How to mount a tyre yourself

If you’re a keen fan of F1, then you’ll know just how fast the average wheel change can be.


We’re not saying that at Protyre we’re quite that quick, but there are a few good reasons why tyre mounting is a job best left to the professionals.
 
Tyre mounting is the process where a new tyre is placed on to the wheel rim assembly before being replaced on the axle. If you want to have a go at it yourself, you’ll need a range of equipment, including a manual tyre changing machine, an air compressor and a tyre balancer. It’s essential that your tyres are mounted and balanced correctly, however. Otherwise they won’t perform at their very best and your road safety can be compromised.
 

Mount and Balance Your Tyres Safely

At Protyre we always ensure that our machines are maintained and inspected to the highest standards, but if you’re doing it yourself it’s important to copy the professionals and use the correct safety gear, including safety glasses and steel-toe-capped footwear.
 
Next you need to make sure you have the proper size tyre for your wheel rim to avoid injury when you come to inflate your tyres. Now make sure the wheel itself is in good condition and that the rim isn’t misshapen or deformed, because any compromises to the rim structure can result in problems later.
 
Keep your fingers away from the bead seat area, as it’s easy to get them trapped between the rim and the bead. And if the beads won’t seat properly, don’t ever force the issue. Instead, contact the manufacturer. Faulty mounting can lead to mechanical failure with very serious consequences.
 

Getting It Right

Mounting tyres by hand is achievable, but it takes a great deal of effort, care and precision to get it right. The steps themselves are relatively straightforward, but having the right equipment makes tyre mounting a breeze.
 
If you choose to do it yourself, you’ll need to be particularly careful that you don’t damage the bead, so don’t just barge in with brute force and ignorance. Care and precision will help you get the job done properly. Never use grease to lubricate your tyres, as this can cause them to become unbeaded when cornering.
 
Once you’ve mounted your tyres using either tyre irons and body weight or a manual machine, you’ll need to balance your tyres. Again, you can invest in a wheel balancer or use trial and error to correctly position your tyre weight. Balancing is essential to distribute weight evenly around the wheel and is part and parcel of the tyre mounting process.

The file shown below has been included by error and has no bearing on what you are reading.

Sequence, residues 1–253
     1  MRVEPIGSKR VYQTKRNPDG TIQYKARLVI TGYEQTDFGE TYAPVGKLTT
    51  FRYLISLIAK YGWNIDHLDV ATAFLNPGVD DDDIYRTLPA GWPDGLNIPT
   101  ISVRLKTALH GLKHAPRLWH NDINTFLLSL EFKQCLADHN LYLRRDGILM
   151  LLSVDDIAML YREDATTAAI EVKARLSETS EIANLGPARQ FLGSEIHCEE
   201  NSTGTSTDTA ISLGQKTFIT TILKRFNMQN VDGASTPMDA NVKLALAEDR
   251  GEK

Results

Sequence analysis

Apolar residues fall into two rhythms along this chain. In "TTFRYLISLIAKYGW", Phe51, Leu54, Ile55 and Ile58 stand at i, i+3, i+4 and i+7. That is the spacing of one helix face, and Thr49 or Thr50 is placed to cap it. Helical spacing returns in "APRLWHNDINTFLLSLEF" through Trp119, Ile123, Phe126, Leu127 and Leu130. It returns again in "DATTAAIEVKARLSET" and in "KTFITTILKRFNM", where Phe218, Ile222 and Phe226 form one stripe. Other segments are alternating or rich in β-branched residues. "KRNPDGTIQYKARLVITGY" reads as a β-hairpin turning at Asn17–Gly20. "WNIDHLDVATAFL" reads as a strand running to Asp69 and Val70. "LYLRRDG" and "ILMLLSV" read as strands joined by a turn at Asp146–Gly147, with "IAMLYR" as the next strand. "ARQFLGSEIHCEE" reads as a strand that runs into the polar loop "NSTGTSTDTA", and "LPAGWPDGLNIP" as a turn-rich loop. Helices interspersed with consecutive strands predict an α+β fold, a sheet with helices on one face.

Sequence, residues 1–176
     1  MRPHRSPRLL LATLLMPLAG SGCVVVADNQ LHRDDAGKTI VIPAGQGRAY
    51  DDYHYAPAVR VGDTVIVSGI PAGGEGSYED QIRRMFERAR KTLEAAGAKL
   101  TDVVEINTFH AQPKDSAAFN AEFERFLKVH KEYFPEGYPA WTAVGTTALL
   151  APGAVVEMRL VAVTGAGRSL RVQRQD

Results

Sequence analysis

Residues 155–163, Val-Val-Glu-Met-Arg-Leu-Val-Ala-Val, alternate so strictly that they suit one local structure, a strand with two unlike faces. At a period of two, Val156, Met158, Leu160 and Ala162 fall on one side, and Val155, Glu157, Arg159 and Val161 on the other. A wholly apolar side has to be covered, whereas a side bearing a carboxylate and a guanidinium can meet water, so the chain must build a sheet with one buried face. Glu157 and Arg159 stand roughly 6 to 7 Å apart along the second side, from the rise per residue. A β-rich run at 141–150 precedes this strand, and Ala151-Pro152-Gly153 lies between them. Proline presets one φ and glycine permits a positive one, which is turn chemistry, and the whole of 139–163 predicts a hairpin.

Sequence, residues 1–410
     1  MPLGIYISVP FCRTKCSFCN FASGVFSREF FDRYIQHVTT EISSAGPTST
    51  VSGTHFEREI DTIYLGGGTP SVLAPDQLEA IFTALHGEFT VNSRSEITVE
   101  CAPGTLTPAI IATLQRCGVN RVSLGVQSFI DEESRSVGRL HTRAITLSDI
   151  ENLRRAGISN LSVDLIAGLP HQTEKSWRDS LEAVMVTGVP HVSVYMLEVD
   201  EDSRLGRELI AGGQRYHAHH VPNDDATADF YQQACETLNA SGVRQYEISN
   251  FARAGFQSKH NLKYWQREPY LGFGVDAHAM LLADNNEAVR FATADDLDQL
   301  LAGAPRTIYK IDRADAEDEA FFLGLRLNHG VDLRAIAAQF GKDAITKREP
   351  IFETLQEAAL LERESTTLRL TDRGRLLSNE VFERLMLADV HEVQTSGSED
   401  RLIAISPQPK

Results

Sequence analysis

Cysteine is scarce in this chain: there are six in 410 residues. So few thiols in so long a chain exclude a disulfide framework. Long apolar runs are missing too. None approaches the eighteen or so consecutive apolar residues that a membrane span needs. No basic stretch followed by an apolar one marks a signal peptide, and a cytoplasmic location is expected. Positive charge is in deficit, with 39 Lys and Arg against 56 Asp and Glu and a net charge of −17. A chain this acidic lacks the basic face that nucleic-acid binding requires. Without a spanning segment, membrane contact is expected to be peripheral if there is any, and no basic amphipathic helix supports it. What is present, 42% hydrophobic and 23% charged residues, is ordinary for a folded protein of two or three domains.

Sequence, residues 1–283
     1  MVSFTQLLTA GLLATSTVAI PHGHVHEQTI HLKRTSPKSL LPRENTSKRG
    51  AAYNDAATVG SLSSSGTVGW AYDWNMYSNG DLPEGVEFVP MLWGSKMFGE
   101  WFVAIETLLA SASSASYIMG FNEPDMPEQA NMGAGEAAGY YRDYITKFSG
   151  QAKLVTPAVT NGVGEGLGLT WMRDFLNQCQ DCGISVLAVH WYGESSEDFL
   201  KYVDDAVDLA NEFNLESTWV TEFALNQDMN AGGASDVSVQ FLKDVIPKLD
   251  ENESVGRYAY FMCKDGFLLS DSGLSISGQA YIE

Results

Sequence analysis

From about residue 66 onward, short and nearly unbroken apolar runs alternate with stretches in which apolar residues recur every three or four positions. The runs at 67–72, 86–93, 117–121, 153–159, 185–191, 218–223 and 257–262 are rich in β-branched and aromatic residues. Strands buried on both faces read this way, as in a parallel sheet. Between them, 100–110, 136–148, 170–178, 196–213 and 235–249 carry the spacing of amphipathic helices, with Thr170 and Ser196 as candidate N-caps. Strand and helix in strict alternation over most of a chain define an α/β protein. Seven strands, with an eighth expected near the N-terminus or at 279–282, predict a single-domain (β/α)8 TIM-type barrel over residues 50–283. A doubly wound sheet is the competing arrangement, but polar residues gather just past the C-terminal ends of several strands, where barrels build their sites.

Trust the Experts

There are some jobs you can do yourself, but mounting a tyre is best left to the professionals. You can book in at any of our Protyre local garages, where we’ll use modern technology to get the job done in a fraction of the time.

Not sure where your local Protyre is? Use our garage locator to find out:

Find My Protyre
 
Our mechanics are all fully trained and are skilled in using the most up-to-date machinery to get the job done quickly and efficiently. If you need tyres mounting and balancing, then get in touch with us at Protyre - the local garage you can trust.

 

About the author

Dean Richardson

Dean is a Regional Director for Protyre who is also responsible for the running of our Protech Academy. The Protech Academy is a centre of excellence where the Protyre team learn the latest mechanical knowledge and skills, gain qualifications and develop their expertise to share with our customers at their local garage. The Academy is also designed to help us stay ahead of the ever changing automotive market by ensuring we have the best skills available to deal with advanced driver assist systems, hybrid/ electric vehicles in addition to all the new technology finding their way into our vehicles. During Dean's career he has worked for some of the biggest names in the fast-fit and mechanical aftermarket and as the man responsible for developing our people and their mechanical skills he is ideally suited to help provide advice in the latest in car technology and ongoing maintenance of your vehicle no matter how new or old it maybe.

View author